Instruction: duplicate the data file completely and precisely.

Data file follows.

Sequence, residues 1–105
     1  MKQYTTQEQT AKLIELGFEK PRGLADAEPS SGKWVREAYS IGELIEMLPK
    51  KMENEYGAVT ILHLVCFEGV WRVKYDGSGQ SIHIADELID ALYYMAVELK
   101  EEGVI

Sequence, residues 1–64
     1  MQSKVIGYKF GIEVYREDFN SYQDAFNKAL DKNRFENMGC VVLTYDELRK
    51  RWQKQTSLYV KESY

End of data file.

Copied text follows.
Sequence, residues 1–105
     1  MKQYTTQEQT AKLIELGFEK PRGLADAEPS SGKWVREAYS IGELIEMLPK
    51  KMENEYGAVT ILHLVCFEGV WRVKYDGSGQ SIHIADELID ALYYMAVELK
   101  EEGVI

Sequence, residues 1–64
     1  MQSKVIGYKF GIEVYREDFN SYQDAFNKAL DKNRFENMGC VVLTYDELRK
    51  RWQKQTSLYV KESY